Weathering Y2K Backlash
- By John Monroe
- Feb 06, 2000
For the past two years or more, everyone associated with information technology
has focused their energies on fixing the Year 2000 computer bug. At the
end of it all, Jan. 1, 2000, came and went quietly, so we can put the problem
behind us. Or so you would think.
Unfortunately, the uneventful New Year has left some people bitter. To them,
the lack of problems on Jan. 1 and ensuing days seems to signify that no
problem ever existed. They think the millions of dollars spent by state
and local government agencies appear to have been wasted.
At a very basic level, that perspective fails to recognize that many problems
did not occur because of the money and effort that were devoted to computer
fixes. But that simple response really does not do the situation justice.
In particular, it fails to recognize the great uncertainty created by the
Year 2000 computer problem.
Many Year 2000 problems were fairly simple in nature. IT experts had
no problem identifying and fixing glitches in applications that used days,
months and years to perform calculations in a straightforward manner. No
one expected problems with such systems.
But other systems use date code in less obvious ways. Radars and other
systems that track changes in information in real time required a fairly
arduous effort to find and fix potential bugs and to test the systems thoroughly.
Add to that the large number of embedded computer chips that provide the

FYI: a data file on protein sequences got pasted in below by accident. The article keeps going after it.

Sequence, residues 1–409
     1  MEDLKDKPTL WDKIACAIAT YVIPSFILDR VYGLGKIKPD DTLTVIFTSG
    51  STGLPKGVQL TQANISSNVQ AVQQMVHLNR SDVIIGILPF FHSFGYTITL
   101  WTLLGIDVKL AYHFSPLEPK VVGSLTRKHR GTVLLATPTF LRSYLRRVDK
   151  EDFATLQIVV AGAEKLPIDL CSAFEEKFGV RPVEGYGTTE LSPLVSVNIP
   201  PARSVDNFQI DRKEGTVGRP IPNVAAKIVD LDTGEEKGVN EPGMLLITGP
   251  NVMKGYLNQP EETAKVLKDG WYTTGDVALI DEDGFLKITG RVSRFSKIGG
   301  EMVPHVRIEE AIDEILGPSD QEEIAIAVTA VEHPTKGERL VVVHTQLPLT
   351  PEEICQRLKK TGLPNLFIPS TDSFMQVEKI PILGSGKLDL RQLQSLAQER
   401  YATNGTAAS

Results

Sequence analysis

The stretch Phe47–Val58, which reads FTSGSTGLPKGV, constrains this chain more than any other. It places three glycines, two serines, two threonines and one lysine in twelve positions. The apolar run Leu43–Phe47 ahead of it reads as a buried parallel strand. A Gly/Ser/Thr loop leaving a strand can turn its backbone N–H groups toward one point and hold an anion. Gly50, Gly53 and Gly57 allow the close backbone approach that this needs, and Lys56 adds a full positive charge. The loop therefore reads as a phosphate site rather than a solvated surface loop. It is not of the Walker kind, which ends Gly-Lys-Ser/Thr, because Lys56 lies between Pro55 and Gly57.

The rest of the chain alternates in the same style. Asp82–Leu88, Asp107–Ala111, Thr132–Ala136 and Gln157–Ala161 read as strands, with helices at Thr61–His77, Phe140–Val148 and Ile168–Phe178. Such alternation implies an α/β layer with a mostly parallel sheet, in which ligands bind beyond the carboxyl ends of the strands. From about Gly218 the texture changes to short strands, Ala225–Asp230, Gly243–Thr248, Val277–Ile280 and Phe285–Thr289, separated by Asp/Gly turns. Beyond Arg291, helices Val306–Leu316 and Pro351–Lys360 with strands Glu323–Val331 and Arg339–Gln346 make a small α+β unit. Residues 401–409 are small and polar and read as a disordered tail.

technical underpinnings of many towns and cities. Traffic lights, utilities
and other key services rely on such chips. Agencies did the best they could
to find and replace those chips, but most agency officials conceded that
potential problems remained.
People generally did not know what would happen if some chips were missed.
The chips may or may not have been date sensitive. If so, would there be
isolated problems? Would there be cascading problems?
That uncertainty defined the problem that government agencies had to
confront. It could be that no major problems would have occurred if agencies
had hedged their bets and fixed only the obvious glitches.
But when public safety is at risk, and a potential solution is within
reach, government agencies are obligated to react. It may seem fiscally
foolish to take action based on the worst-case scenario. Agencies, though,
rightfully recognized they had no other course of action.
Such subtleties are difficult to convey in a public debate. But as we
head into this new year, let's just be thankful that enough people understood
the situation and reacted accordingly, paving the way for smooth sailing
into the new millennium (whenever that actually begins).
John Stein Monroe